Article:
Based on the time of day, physical activity data was partitioned by time spent in school, after school and evening hours. Time in school was between the hours 8:00 am - 3:00 pm, after school hours was between the hours 3:00 - 5:00 pm and evening hours were between the hours 5:00pm - 12:00am.
The Weshsler Abbreviated Scale of Intelligence (WASI) is a standardized measure of intelligence for individuals aged 6-89 years . Two subtests were administered (the vocabulary and matrix reasoning subtests), to assess verbal and non-verbal intelligence and generate a standardized full-scale IQ. The WASI was administered to the participants by a clinician or graduate student with experience in cognitive assessment.
The SRS is a 65-item questionnaire, completed by the parent or guardian, and is valid and reliable in measuring autistic traits . The SRS measures five areas of social development, as indicated by the parent: social awareness, social information processing, capacity for reciprocal social communication, social anxiety or avoidance and autistic traits. Furthermore the SRS provides a standardized score that qualitatively identifies the severity of autism ranging from mild to severe. Standard scores measured at 76 or higher represent a diagnosis in the severe range, standard scores measured between 60-75 resulted in a mild to moderate diagnosis.
Height and weight were measured without shoes. Height was measured in centimeters to the nearest tenth of a millimeter with a portable stadiometer (SECA S-214 portable stadiometer). Two measurement trials were administered and the average of the trials was recorded. Weight was measured in kilograms to the nearest gram (Health O Meter H-349KL digital scale). Two measurement trials were administered and the average of the trials was recorded. Body mass index (BMI) was calculated using the standard formula: body mass (kg.) divided by height (m2). Percentage of body fat was calculated using a gender-specific regression equation for children with triceps and calf skinfolds . A physician experienced in measuring skinfolds, using Lange skinfold calipers, took two skinfold thicknesses at each site (triceps and calf) on the right side of the body. Measurements were taken twice at each site and rounded to the nearest tenth of a millimeter. The average at each site was used in the analysis.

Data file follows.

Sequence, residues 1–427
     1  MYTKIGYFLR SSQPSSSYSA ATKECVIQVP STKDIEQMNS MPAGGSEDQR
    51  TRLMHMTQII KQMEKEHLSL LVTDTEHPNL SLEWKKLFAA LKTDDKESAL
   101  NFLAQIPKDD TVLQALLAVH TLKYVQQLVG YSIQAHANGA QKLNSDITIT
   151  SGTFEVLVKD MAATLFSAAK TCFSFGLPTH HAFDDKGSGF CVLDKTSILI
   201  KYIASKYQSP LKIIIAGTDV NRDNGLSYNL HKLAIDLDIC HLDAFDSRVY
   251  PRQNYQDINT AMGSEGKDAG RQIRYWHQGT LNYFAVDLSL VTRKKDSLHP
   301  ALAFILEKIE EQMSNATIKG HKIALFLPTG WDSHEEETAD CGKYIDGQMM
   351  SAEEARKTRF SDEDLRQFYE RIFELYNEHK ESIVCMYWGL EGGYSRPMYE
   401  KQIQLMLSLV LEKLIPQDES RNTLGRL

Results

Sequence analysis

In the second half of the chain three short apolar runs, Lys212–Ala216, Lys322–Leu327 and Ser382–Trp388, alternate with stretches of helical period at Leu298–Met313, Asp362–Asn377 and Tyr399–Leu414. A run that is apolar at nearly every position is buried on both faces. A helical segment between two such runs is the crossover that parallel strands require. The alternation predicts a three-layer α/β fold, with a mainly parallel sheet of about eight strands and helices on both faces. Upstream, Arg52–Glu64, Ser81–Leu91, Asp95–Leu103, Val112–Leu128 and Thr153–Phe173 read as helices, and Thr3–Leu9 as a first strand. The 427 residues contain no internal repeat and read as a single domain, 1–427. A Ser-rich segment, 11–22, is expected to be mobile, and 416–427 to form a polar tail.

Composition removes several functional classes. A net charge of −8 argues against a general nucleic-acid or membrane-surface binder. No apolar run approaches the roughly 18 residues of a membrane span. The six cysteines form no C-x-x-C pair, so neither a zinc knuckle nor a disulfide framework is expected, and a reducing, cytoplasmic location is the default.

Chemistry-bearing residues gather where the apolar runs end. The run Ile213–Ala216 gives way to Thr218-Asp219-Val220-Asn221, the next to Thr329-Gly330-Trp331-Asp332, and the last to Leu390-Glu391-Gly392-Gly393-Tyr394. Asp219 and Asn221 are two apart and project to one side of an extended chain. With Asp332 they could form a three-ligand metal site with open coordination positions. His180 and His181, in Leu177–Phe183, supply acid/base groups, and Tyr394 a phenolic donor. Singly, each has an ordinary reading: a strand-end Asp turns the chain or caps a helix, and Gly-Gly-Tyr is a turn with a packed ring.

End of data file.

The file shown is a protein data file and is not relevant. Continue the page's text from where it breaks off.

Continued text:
All analyses were conducted in PASW version 18.0. Participants were initially divided into three age groups (9-11 years, 12-13 years & 14-18 years), however no significant differences were found between the 12-13 year age group and the 14-18 year age group, these age groups were combined for further analysis. Physical activity patterns were examined for each group in the sedentary and moderate to vigorous categories. Moderate and vigorous physical activity was combined for analysis based on established norms and recommendations in physical activity literature as the target intensity for receiving health benefits .